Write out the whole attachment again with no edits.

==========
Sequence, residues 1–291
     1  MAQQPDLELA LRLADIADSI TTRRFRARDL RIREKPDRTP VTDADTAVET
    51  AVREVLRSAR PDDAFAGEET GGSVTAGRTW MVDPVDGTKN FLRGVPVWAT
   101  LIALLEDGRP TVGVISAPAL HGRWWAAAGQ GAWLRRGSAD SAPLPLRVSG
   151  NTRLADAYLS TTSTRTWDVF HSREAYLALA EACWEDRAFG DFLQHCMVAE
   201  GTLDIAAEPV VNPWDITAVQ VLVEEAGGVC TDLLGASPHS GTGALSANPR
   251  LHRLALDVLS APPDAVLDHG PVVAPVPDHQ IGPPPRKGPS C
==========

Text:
Sequence, residues 1–291
     1  MAQQPDLELA LRLADIADSI TTRRFRARDL RIREKPDRTP VTDADTAVET
    51  AVREVLRSAR PDDAFAGEET GGSVTAGRTW MVDPVDGTKN FLRGVPVWAT
   101  LIALLEDGRP TVGVISAPAL HGRWWAAAGQ GAWLRRGSAD SAPLPLRVSG
   151  NTRLADAYLS TTSTRTWDVF HSREAYLALA EACWEDRAFG DFLQHCMVAE
   201  GTLDIAAEPV VNPWDITAVQ VLVEEAGGVC TDLLGASPHS GTGALSANPR
   251  LHRLALDVLS APPDAVLDHG PVVAPVPDHQ IGPPPRKGPS C